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Bond markets flashing red and an oil plunge could make things worse

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The U.S. high-yield index has widened 115 basis points and investment grade 30 basis points over the last month, leading many to ask whether these credit bonds are the real canary in the coalmine for global markets.

One catalyst for the underperformance in the investment grade space has been the acceleration of rating downgrades at the upper end of the capital structure. According to Goldman Sachs analyst Lotfi Karoui: “$90 billion worth of bonds have migrated into ‘BBB’ territory (from A); this is the highest amount since the fourth quarter of 2015.” A triple-B bond is rated one notch above junk so investors get a high return to something that’s perceived to be quite a risky investment.

The risk is for further negative actions especially as, according to Deutsche Bank research, ‘BBB’ bonds constitute about 60 percent of the overall U.S. investment grade market.

A continual downgrade drift would exert pressure on lower parts of the capital structure and could eventually increase the size of the high-yield bond market — a cohort that has also been struggling this year as interest rates have gone up.

The high-yield market also continues to exhibit a higher risk factor to oil prices and that has had a big impact on that market. According to the Goldman Sachs report, almost a quarter of the gross issuance in these bond markets this year has been in energy-related industries (albeit a large chunk has gone into refinancing and debt repayments) and constitutes about 16 percent of the outstanding market.

As the price of oil has slumped 30 percent since October, downside risks for high yield have increased especially as the oil plunge in 2014 elicited a wave of defaults in the energy sector and subsequently in the high yield market. This time around though, the breakeven level for many of these high-yield shale companies appears to be about $20 lower than it was back in 2014 to 2016, at around $51 per barrel, according to Goldman analysts.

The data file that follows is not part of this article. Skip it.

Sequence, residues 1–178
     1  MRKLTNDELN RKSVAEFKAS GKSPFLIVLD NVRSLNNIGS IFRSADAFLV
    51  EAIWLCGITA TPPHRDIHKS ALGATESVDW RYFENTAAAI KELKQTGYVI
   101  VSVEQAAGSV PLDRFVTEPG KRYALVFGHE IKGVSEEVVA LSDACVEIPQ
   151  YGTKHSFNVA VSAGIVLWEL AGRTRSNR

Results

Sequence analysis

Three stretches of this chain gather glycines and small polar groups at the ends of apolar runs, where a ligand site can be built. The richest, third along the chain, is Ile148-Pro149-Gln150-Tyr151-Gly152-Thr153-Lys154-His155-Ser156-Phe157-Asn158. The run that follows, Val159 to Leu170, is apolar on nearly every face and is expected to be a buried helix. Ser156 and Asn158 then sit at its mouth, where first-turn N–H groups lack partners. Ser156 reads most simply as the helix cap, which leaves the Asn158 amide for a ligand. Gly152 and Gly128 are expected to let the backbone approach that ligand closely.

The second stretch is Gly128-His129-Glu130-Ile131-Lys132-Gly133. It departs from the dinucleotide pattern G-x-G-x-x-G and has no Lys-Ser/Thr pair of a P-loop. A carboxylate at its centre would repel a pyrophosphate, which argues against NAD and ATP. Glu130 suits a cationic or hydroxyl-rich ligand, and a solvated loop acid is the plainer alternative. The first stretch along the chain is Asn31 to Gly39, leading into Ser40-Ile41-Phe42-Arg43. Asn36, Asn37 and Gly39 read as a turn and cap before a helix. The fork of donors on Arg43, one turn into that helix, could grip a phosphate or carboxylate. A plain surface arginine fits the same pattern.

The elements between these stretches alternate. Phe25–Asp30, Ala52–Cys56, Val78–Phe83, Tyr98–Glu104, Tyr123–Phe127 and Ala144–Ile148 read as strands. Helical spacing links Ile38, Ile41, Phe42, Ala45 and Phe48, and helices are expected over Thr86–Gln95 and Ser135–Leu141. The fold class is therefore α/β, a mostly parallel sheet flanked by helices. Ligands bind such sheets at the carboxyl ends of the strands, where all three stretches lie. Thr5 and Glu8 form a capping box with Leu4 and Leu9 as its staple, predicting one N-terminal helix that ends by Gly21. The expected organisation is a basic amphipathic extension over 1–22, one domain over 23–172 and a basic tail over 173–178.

Any further drop in the oil price from here would be a worrying development — credit investors are hence also keeping a close eye on the OPEC meeting.

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Delivery employees said to be cut

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At the Model 3 launch in July 2017, Musk said over half a million buyers had put down deposits on the new car. That helped send Tesla shares up almost 15 percent over the following six weeks.

The company delivered 145,610 Model 3s in 2018, but all of them at prices far above $35,000. Musk said last week a $35,000 version that could be sold profitably was perhaps six months away. Even with two price cuts this year, the lowest price tag on a Model 3 is now $42,900.

Musk maintains that Model 3 demand is “insanely high,” but his company has not released any figures to demonstrate that.

Asked about the reservations list last week by analysts, outgoing Chief Financial Officer Deepak Ahuja declined to disclose how many people remained, calling it “not relevant.”

Musk has said Tesla has multiple ways of stoking demand, if it chose to, such as offering leases or boosting marketing efforts.

The Model 3s now rolling out of Tesla’s Fremont, California, factory are going to Chinese and European buyers, Tesla says.

The two laid-off employees said delivery targets for North America — made up of mostly U.S. buyers — this quarter would be 55 percent to 60 percent of what they were in the last quarter of 2018.

If Tesla does not cut prices soon, it risks losing potential customers — and ones already on its reservation list — to a slew of German and Asian competitors whose electric vehicles will hit the U.S. market this year. Each of the new entrant’s first 200,000 buyers will be eligible for a full federal subsidy.

Having met that number already, the U.S. tax credit for Tesla buyers drops in half to $3,750 for the first six months of 2019, then falls by half again in the second six months.

Musk said last month his “rough guess” was that Tesla would begin building the $35,000 Model 3 in mid-2019.